• Uveitis is an inflammation of one or more of the structures making up the uvea. It can be very painful and can lead to blindness. It may be a primary condition or a sign of an underlying condition. The usual signs of uveitis are severe pain with an intense reddening of the visible parts of the eye. The eye is usually kept shut and most pets avoid bright lights. Diagnosis will include a thorough physical exam along with other tests to determine if there is an underlying condition. Treatment is initially aimed at reducing inflammation and providing pain relief and may include other treatments if an underlying condition is identified.

  • Valley fever is a fungal infection caused by Coccidioides immitis. In the US it is most commonly found in the southwestern states with California and Arizona being most affected. The most common method of infection is through inhalation of spores that are released by disturbance of soil such as while digging. These spores infect the lungs forming spherules. Dogs with healthy immune systems avoid serious infection by walling off the spherules; however, those that have weakened immune systems can become ill. The two main forms of disease are primary and disseminated. The primary disease occurs in the lungs causing coughing, lethargy, decreased appetite, fever, and depression. Disseminated disease occurs when the fungus migrates to different areas of the body including the bones, joints, eyes, and rarely the brain. Diagnosis includes blood tests (including titer tests) and radiographs. Treatment requires prolonged anti-fungal agents and is generally successful in respiratory or primary cases; however, patients affected by the disseminated form have a more guarded prognosis.

  • The West Nile Virus (WNV) is transmitted by the bite of a mosquito (primarily Culex species) that is infected with the virus. The mosquitoes become infected after biting birds carrying the West Nile Virus.

  • Whipworms are intestinal parasites that are about 1/4 inch (6 mm) long. They live in the intestinal tract of dogs where they cause severe irritation. Whipworm infection results in watery, bloody diarrhea, weight loss, and general debilitation. Any dog with chronic large bowel diarrhea should be suspected to have whipworms, even if the stool sample was negative. Whipworms are far less common today than in previous years, because of widespread use of modern heartworm prevention products.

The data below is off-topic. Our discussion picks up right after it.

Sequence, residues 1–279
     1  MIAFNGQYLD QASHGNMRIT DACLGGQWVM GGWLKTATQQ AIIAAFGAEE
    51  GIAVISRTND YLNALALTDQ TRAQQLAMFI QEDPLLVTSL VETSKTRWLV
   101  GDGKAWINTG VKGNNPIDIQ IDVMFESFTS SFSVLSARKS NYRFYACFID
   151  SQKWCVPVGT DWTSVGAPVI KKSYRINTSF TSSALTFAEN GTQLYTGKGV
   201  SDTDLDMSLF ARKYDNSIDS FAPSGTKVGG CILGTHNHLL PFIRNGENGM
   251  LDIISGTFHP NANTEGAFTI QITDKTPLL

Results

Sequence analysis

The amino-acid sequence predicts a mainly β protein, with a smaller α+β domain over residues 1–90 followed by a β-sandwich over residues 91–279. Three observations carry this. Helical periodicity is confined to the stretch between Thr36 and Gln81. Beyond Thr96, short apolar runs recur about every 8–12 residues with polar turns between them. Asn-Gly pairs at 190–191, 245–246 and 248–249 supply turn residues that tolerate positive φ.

• A zoonosis is a disease or infection that can be transmitted from animals to humans. Although cats only pose a mild risk of causing disease in humans, those with immunosuppressive conditions such as HIV or those receiving chemotherapy are at higher risk of becoming ill from these infections. The most common and significant infections that humans can get from their cats include rabies, cat scratch disease, toxoplasmosis, and ringworm. Feline leukemia virus (FeLV) and feline immunodeficiency virus (FIV) are not zoonotic. Hygiene plays an important role in preventing the spread of these diseases, as well as preventive medicine for your cat, including regular deworming and external parasite preventives. Keep your cat indoors to minimize exposure to zoonotic diseases.

  • A zoonosis is a disease or infection that can be transmitted from animals to humans. Although dogs only pose a mild risk of causing disease in humans, those with immunosuppressive conditions such as HIV or those receiving chemotherapy will be at higher risk of becoming ill from these infections. The most common and significant infections that humans can get from their pet dogs include rabies, leptospirosis, ringworm, and gastrointestinal illness such as Salmonella and Campylobacter. Hygiene plays an important role in preventing the spread of these diseases, as well as preventive medicine for your dog, including regular deworming and external parasite preventives.